Today we visited the potter. Today I became a potter…. hahahah! Okay, I did put my hands on the clay, but it was the master’s touch that allowed me to produce anything of beauty. The feeling of the clay beneath my hands was cool and smooth. I wonder if I could every master such a craft? The first part of the process, of being able to just mold the lump of clay into something useable, takes at least three months to perfect. We each were able to take turns, with the help of a master potter, to turn the lump of clay on the wheel into a beautiful pot, vase, cup or bowl. The creative and artistic ability of the students was apparent when viewing all the finished pots, which we, the students were encouraged to use when decorating our own pot.
Today we visited Gyeongbokgung palace, a place of incredible beauty and symbol of national sovereignty. It was the main and largest palace of the Five Grand Palaces built by the Joseon Dynasty. We travelled by subway to get there! It was fun to see the palace of the king who was responsible for developing Hangeul, the official writing system of North and South Korea.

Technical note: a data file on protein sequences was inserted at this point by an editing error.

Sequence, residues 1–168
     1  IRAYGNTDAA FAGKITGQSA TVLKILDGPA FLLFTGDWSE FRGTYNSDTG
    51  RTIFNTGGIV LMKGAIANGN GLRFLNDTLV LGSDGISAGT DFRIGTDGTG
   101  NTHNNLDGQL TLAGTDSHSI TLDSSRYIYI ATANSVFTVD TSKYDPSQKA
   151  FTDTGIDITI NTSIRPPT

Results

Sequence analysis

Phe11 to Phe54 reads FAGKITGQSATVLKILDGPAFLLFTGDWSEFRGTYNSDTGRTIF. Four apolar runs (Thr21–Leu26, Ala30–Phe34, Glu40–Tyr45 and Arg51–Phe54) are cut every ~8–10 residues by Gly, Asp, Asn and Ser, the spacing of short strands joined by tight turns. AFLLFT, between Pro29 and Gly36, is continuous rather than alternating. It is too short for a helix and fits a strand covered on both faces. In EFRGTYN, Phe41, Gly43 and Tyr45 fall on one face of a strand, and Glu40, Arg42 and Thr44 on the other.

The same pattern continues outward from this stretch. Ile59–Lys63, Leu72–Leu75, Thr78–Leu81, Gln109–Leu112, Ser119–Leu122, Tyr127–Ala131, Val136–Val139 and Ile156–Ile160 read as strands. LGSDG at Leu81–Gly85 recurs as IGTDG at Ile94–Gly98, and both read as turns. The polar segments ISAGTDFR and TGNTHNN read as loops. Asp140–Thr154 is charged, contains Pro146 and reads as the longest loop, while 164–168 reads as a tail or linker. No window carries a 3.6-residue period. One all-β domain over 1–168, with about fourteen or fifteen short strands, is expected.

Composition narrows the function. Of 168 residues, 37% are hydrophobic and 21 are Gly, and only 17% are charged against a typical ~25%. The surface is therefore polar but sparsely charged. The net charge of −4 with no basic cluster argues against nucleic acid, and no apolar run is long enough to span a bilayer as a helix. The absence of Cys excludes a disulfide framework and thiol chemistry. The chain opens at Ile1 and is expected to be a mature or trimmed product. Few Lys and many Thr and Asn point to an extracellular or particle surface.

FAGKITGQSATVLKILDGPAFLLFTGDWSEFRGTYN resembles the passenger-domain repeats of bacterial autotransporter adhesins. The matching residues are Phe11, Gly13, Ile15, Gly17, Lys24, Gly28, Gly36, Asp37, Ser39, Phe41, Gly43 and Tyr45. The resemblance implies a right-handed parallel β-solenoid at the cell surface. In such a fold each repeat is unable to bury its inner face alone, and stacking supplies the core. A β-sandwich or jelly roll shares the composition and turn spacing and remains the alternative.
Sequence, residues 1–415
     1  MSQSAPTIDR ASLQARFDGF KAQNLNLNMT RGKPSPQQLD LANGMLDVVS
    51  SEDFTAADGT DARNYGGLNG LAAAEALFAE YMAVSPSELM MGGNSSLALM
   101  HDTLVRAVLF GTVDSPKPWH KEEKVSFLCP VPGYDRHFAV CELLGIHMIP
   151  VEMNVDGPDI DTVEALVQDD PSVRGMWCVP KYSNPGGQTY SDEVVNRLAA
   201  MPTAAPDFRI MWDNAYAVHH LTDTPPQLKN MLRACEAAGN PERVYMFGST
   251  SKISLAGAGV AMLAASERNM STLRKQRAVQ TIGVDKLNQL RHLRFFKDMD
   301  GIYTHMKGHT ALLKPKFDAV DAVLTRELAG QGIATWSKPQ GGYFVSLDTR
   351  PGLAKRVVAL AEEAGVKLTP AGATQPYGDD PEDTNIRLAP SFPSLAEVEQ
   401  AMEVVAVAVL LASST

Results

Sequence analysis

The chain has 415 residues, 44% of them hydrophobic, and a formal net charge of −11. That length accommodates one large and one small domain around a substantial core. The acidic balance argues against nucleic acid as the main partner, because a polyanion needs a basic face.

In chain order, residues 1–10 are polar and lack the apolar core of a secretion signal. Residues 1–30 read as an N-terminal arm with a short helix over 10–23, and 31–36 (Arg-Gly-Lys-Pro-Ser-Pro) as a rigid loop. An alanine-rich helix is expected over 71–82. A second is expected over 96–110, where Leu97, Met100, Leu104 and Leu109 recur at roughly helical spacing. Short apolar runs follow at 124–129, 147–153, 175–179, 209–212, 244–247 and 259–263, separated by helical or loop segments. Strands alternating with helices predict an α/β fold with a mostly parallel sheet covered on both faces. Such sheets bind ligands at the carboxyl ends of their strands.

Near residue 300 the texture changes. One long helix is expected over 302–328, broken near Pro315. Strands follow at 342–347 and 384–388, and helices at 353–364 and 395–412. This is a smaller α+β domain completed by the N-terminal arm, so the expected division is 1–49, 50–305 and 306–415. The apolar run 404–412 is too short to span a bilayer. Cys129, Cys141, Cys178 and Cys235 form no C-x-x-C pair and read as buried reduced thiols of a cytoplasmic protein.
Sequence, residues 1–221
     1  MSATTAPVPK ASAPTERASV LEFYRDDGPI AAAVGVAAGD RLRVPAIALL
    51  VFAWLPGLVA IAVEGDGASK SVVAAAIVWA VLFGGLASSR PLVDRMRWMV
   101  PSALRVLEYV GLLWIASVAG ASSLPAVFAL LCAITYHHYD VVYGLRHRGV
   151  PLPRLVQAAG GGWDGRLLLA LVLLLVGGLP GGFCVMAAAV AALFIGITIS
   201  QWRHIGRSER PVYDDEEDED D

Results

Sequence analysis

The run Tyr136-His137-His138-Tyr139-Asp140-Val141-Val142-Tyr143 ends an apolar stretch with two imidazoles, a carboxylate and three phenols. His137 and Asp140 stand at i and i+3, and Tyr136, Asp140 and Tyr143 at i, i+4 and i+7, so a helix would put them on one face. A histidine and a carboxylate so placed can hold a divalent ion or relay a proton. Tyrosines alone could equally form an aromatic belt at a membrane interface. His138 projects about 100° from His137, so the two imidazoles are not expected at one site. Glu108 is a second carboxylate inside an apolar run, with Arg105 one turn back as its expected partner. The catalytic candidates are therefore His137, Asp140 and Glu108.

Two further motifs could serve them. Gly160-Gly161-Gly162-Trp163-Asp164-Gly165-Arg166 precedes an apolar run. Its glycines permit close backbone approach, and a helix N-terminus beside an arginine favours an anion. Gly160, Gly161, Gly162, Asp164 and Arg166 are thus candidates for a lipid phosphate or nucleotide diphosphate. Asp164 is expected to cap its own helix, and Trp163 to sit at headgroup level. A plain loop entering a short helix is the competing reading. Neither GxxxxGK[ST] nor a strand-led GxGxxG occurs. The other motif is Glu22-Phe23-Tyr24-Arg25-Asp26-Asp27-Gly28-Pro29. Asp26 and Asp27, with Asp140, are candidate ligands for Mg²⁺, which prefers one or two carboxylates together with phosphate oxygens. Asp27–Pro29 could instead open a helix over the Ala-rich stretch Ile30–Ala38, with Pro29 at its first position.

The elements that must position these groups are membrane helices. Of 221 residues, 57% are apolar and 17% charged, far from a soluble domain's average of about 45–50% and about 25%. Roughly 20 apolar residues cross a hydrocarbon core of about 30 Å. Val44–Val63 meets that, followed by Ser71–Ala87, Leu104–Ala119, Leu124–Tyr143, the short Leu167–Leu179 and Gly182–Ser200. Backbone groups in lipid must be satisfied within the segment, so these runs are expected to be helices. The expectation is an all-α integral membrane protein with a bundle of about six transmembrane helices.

There were 14 impressive buildings to view and we had a fabulous tour guide to explain to us the meaning and the significance of what we were seeing. It was so cool to meet someone who was proud of her history and could share that she was 22nd generation decended from the brother of King Segong! Did you also know that after King Segong created Hungeul he wrote poetry and also sponsored publishing projects of Buddhist scripture? This was a good way to make sure the writing system was put to use! Although King Segong was responsible for this most important event in the history of Korean language, he still used classical Chinese to keep the royal records of the day! I suppose that is why hungeul was considered to be the language of women, children and poets and not for scholarship, intellectual writings and important legal documents.